Accessing Retirement Accounts Before Age 60

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I usually receive one reader question a day through my contact page. I try to respond to all of them. Here's one of them, lightly edited for clarity, from David:

I am a 27 year old single <6 year staff sergeant in the Air Force stationed OCONUS. I have been constantly investing, researching and looking for new ways to achieve my financial goals for about 3 years now.

I found your website through the Financial Samurai blog and after reading almost every post of yours I have one burning question.

You want to be financially independent at age 40, but how is that possible if you are investing most of your income in retirement accounts, i.e. Traditional & Roth TSP as well as a Vanguard IRA. From what I know, you either cannot withdraw any of that money until age 59 1/2 or be subject to an early withdrawal penalty which will make you lose a good chunk of your investments.

The only taxable account you are investing in as far as I read was Betterment, but how will that sustain you between age 40 and your retirement age? The reason I ask this question is because I want to achieve financial independence as well after I retire from the military (hopefully I can make it to 20).

I too invest in the Roth TSP (max), a Vanguard IRA (max) and a Betterment taxable account, but afterwards I pretty much have nothing left to spare. I can't see an early retirement being remotely attainable if I can't save anything or ‘enough' to add to my pension for the 17 1/2 years (retire at 42) that I will have left until I can cash out on my retirement accounts.

The Betterment account is there so I at least have a decent down payment on a place when I get out and don't have to spend the rest of my life paying off a mortgage, but what else can I do? This has been driving me crazy for a while so I thought I'd ask for some advice.

Currently I'm basing all of this on me being single at the moment and by the time I retire with no additional pay and/or someone else bringing home a second income. I hope what I wrote made sense and I look forward to any piece of advice you can give me. Thank you and I appreciate all the hard work you put in to this blog for all of us!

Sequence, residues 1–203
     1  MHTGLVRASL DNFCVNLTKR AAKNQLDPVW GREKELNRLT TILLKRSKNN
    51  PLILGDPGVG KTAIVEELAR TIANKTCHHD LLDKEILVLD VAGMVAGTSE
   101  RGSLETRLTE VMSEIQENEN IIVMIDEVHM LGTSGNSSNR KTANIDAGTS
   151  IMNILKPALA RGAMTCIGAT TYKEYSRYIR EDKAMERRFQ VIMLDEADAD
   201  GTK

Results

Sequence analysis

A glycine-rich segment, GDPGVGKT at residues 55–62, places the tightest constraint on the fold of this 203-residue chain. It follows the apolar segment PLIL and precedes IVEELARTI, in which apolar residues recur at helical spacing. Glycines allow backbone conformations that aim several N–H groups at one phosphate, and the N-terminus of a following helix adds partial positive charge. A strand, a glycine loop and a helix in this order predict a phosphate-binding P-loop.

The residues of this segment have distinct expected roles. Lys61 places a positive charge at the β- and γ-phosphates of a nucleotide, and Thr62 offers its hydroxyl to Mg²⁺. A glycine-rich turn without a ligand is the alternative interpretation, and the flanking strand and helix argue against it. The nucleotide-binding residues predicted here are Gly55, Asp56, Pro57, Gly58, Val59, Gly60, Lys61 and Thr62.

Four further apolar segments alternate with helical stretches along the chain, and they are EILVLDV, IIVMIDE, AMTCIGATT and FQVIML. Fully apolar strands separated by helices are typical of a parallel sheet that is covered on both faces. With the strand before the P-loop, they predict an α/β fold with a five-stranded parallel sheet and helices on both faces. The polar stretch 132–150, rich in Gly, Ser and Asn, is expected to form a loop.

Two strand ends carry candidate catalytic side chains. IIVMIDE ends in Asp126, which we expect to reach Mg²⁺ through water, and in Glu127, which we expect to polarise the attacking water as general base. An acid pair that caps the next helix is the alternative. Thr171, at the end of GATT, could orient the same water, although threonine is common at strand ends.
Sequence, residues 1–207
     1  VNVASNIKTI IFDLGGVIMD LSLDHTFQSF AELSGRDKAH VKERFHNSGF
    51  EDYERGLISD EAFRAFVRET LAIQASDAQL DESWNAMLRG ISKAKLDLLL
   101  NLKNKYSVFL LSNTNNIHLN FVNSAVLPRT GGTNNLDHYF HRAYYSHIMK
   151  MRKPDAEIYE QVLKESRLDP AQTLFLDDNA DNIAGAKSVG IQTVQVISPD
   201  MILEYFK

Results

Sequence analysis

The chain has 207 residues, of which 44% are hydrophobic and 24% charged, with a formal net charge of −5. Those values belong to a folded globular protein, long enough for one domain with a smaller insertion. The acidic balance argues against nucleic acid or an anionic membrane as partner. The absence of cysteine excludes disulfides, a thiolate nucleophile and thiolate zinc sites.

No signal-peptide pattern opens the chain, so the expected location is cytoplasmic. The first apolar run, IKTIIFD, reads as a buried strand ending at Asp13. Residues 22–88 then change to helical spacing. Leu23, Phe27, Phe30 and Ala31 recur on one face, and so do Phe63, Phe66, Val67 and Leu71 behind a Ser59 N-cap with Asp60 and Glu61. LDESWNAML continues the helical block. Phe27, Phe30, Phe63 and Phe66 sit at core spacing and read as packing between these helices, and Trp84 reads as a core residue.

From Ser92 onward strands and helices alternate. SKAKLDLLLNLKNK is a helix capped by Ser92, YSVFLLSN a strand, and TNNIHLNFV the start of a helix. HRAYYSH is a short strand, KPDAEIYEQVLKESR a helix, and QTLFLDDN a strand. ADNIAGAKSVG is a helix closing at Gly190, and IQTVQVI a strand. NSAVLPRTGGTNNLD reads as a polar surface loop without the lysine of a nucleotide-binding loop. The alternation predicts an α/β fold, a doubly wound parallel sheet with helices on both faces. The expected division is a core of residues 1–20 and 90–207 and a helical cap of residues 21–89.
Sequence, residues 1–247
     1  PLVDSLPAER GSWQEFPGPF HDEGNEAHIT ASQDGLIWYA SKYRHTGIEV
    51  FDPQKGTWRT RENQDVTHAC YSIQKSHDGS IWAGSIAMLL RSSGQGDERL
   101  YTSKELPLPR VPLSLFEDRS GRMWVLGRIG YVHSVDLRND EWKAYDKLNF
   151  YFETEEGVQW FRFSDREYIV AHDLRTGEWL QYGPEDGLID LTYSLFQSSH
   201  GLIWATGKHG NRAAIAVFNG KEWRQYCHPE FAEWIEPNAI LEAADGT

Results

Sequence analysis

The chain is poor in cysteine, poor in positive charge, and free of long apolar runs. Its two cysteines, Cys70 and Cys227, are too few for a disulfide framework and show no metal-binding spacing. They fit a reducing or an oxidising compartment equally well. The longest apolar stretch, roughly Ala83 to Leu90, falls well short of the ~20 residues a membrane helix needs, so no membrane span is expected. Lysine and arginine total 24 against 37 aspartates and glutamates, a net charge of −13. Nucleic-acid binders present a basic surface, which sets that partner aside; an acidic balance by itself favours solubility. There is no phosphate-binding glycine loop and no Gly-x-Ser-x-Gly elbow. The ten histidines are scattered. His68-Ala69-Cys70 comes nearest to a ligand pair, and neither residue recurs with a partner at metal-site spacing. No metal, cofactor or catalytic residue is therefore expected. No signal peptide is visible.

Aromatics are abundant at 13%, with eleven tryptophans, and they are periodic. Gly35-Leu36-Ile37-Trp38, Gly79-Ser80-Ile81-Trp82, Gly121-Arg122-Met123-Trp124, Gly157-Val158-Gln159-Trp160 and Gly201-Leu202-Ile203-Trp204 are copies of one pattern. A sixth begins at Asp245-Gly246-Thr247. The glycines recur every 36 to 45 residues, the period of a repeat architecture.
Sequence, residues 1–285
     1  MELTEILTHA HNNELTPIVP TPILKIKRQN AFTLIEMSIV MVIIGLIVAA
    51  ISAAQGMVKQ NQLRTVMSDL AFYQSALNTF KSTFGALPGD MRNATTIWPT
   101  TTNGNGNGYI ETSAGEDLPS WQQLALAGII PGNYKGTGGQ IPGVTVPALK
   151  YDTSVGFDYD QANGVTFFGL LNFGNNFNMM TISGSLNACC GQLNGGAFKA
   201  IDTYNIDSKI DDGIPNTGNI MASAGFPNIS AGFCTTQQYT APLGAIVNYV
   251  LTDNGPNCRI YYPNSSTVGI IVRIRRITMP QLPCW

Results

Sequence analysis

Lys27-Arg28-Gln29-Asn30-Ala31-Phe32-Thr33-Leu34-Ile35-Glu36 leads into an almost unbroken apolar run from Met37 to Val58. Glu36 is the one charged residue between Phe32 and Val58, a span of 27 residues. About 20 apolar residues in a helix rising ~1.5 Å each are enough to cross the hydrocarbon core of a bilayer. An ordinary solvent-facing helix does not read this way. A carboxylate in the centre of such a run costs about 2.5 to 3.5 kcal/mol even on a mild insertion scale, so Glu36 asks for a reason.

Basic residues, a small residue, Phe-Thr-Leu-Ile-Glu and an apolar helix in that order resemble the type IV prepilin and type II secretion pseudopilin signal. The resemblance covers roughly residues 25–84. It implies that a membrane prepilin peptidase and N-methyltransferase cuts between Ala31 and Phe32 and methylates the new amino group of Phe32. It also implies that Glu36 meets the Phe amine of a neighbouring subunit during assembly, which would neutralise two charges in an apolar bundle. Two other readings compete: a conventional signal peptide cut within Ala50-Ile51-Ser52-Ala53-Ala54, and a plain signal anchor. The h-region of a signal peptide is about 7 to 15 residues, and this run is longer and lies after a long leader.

Early Retirement Withdrawal Options

I really appreciate the kind words David. Thanks for writing me a note. Glad you found the site through Financial Samurai. Sam has some good articles.

My financial independence plan is based on saving 50% of my income and investing those savings into low cost index funds through Vanguard and the TSP. I also invest into a taxable investment account at Vanguard.

I want to be financial independent by age 40 to give myself choices and options. As of 2018, I do not intend to stop working at age 40.

When I am financially independent and eventually stop working, I plan to live off of my taxable investments first. The dividends and capital gains from selling shares should be taxed at long term capital gains rate so my taxes should be low.

After spending down my taxable investment accounts, I will then start accessing my retirement accounts. There are several ways to access retirement funds before age 59.5 without paying the 10% penalty.

How to Access TSP and IRA Funds Before Age 60

One option is rolling over your TSP into an IRA when you separate from the service. Then you can start building a Roth conversion ladder like Root of Good explains.

You can withdraw all of your contributions to a Roth IRA tax free and penalty free at any time. Over 30 years of contributions, this may be worth over $150,000.

You can also use an exception to IRS Rule 72(t) called Substantially Equal Periodic Payment (SEPP). This allows you to withdraw funds from your retirement accounts without paying a penalty as long as you follow specific rules.

You can Google search “SEPP” or see more info here.

Here are a couple of other ideas for accessing your retirement money early from the MadFientist and the White Coat Investor.

I hope this was helpful in caging your thinking about early retirement account withdrawal strategies. Don't let the fear of accessing retirement funds dissuade you from taking advantage of the tax savings the IRA and TSP accounts provide!

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